SINGAPORE - (THE BUSINESS TIMES) It never fails to bemuse us: Why is there this insatiable need to get foreign restaurants to come and open unimpressive outposts in Singapore, when we are perfectly capable of doing that ourselves?
Avenue Joffre is one of several culinary collaborations we've seen popping up in Resorts World Sentosa (RWS) with varying degrees of success.
This latest one is named after a street that existed in Shanghai's French Concession in the 1930s, where a famous film-maker hosted soirees for the glitterati who dined on sumptuous Shanghainese fare cooked by his personal chef. Between RWS and a Hong Kong dining group, Avenue Joffre was created to house different styles of Chinese cooking under one roof.
While Zhejiang, Sichuan, Beijing and Guangdong are supposed to be represented in this large, somewhat unconvincing tribute to Shanghai's cinematic heyday, the emphasis is still mainly on Cantonese fare with a smattering of everything else. There are little symbols against each dish to identify Cantonese from Sichuan, and perhaps Beijing (the efficient but geographically indifferent staff do not waste time trying to explain what is from where - in fact, they really don't care what you order, they just want to serve the food and be done with it).
Resorts World Sentosa
26 Sentosa Gateway, #02-137/138/139 (Entry by Festival Walk and Crockfords Tower)
Open daily for lunch and dinner: 12pm to 4pm; 6pm to 10pm.
We finally find a lady manager type who does try to make some recommendations, although our final list still ends up looking like a regular Cantonese dim sum menu with some spicy additions. Unfortunately, both the marinated chicken in spicy sauce (S$15) and marinated sliced beef and beef offal (S$13) float in the same salty, gingery chilli oil bath which tingles but lacks any depth of flavour. The thinly shaved beef and tripe, though, enjoy a little more success than the chicken.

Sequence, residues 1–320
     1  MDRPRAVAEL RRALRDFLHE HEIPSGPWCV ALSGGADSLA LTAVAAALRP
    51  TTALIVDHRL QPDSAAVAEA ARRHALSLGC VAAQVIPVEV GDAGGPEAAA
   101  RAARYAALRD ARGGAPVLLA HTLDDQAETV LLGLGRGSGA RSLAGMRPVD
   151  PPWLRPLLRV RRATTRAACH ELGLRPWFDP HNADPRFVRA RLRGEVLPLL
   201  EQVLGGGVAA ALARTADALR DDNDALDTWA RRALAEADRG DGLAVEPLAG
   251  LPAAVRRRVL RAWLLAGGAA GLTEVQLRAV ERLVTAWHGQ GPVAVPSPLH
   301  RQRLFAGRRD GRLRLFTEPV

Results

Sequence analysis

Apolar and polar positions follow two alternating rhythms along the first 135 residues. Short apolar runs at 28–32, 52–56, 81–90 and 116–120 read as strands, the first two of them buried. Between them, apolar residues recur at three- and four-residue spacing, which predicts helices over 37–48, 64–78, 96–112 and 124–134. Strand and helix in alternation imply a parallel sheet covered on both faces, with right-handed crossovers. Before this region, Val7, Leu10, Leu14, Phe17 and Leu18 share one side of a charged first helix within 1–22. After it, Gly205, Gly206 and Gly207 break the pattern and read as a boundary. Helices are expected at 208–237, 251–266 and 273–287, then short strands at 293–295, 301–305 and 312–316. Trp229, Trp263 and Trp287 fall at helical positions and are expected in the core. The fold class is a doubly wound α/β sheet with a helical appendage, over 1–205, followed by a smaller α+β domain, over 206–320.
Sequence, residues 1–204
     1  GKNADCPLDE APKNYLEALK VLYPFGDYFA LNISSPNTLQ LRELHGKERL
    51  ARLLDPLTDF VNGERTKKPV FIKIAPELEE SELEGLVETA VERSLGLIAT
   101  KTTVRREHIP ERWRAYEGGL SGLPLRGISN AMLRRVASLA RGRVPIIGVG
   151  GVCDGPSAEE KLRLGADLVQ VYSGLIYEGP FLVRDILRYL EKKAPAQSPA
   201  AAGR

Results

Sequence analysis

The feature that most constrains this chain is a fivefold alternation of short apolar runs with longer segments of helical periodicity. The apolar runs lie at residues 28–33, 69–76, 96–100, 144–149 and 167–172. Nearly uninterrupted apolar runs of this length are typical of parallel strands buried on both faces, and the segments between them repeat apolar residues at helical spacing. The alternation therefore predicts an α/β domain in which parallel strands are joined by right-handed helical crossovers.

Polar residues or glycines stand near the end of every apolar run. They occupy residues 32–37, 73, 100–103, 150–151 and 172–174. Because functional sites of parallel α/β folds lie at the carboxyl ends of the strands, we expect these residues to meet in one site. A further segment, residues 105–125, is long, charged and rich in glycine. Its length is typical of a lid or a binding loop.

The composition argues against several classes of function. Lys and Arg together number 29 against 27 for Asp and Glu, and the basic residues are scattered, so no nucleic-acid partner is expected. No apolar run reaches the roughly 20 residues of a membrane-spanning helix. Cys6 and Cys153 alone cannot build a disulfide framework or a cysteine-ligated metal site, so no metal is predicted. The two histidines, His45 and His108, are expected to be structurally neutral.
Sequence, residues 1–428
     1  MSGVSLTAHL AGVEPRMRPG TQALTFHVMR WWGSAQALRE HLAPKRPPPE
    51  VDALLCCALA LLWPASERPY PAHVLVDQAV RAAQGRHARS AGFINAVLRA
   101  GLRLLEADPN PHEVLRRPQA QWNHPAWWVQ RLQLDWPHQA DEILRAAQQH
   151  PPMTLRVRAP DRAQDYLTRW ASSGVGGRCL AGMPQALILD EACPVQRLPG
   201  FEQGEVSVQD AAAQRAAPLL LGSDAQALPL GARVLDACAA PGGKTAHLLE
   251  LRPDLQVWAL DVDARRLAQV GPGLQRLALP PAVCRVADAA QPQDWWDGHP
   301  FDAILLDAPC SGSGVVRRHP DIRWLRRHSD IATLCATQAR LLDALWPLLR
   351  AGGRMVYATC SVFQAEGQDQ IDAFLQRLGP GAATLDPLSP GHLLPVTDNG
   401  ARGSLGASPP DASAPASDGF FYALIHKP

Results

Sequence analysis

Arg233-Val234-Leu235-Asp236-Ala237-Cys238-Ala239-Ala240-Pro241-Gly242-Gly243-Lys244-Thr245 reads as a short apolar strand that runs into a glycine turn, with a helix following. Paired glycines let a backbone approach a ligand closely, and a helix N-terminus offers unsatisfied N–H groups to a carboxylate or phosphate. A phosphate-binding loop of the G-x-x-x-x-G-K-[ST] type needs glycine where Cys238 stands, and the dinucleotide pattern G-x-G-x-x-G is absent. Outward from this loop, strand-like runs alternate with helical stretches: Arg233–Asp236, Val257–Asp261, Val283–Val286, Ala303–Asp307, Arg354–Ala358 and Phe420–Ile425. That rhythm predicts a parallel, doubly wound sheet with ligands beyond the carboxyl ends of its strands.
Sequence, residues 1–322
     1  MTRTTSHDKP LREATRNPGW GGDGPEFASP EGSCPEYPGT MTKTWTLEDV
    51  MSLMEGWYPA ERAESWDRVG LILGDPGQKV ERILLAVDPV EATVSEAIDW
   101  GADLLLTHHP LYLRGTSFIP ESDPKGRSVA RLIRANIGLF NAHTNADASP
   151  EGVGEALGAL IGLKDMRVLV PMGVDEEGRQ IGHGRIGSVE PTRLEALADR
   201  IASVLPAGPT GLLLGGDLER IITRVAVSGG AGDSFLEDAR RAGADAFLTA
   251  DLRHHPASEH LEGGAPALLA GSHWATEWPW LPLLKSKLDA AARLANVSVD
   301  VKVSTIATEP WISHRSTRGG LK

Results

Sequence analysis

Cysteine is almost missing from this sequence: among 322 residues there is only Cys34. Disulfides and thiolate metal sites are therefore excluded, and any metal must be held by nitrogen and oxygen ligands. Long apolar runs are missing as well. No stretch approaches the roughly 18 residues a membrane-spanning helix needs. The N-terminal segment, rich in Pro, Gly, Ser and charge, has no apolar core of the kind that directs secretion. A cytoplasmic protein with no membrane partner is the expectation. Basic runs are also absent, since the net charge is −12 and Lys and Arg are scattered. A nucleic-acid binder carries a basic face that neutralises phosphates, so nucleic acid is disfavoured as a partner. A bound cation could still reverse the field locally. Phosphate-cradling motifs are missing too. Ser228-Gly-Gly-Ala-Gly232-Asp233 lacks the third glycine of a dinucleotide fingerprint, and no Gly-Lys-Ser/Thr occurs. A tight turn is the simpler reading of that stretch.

The dim sum is garden variety - juicy but porky siew mai (S$5); sticky chive dumplings (S$5); xiao long pau ($7) that doesn't achieve the required thinness of skin; so-so salted egg yolk bun (S$4.50). The manager's recommendations are pricey: a double-boiled fishmaw soup (S$28) that's thick but bland; a competent double-boiled black chicken consomme (S$30) with chewy sea whelk and sad-looking morel mushrooms.
However, there are flashes of potential that saves this from being a barely average meal. After making our way through the dim sum, soup and pepper crab with no sign of the barbecue platter of suckling pig, char siew and roast pork that we ordered at the start, a male manager appears to tell us that it will take 45 minutes for the pig to be ready.
He looks visibly cheered when we say we don't want it. He is open to our request for just the char siew and roast pork belly (S$25), although it takes another 20 minutes and a threat to cancel it before the plate arrives.
The char siew is porky (again) and under-marinated, but we're pleasantly surprised by the juicy pork belly that's fresh out of the oven and wears a lovely thin crackling skin.
And we enjoy the house special white pepper crab (market price or S$56 for one small crab) - pricey but beautifully deep fried pieces of meaty mud crab with a peppery coating served in a claypot filled with white peppercorns. Even the kitchen helper auntie who brings it out comments on the fragrance (the pink polo-shirted kitchen staff are the most genuine and nice folk in the whole restaurant).
Even the coral in the shell is tasty enough to make us peel off all the tender eggwhite-like bits.
Like Ginza Yoshihiro, Avenue Joffre also needs to sharpen its act. Unless you're already in the area, it's going to take more than just a vague foreign connection to make you walk up this street.
WHAT OUR RATINGS MEAN
10: The ultimate dining experience
7-7.5: Good to very good
This article was first published on November 28, 2015.
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